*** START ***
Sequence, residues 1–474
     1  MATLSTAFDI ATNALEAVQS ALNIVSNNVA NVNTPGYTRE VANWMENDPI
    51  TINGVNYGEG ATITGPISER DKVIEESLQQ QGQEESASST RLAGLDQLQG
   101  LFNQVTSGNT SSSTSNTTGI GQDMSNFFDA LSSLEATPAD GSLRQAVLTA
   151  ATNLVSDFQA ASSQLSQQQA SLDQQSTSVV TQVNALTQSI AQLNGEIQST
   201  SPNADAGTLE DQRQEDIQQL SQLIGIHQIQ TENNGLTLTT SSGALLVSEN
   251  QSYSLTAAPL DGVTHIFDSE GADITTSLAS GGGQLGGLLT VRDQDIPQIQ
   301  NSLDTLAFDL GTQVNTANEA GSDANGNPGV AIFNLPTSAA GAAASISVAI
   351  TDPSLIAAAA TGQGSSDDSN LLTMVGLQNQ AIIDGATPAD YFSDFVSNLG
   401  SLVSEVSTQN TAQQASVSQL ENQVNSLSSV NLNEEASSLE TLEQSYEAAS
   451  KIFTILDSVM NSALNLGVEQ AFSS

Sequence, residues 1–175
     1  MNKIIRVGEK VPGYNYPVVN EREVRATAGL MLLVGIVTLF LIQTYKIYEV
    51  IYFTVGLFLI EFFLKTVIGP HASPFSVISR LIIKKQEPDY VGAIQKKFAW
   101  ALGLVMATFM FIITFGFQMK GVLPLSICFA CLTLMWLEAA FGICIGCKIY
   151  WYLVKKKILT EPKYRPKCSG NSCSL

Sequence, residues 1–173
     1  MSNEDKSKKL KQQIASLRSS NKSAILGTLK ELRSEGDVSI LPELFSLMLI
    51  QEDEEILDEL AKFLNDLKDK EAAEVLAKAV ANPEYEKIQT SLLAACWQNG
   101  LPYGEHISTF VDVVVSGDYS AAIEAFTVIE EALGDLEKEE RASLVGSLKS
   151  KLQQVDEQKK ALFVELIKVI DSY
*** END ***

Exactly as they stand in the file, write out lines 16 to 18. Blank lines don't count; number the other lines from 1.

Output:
   151  WYLVKKKILT EPKYRPKCSG NSCSL

Sequence, residues 1–173
     1  MSNEDKSKKL KQQIASLRSS NKSAILGTLK ELRSEGDVSI LPELFSLMLI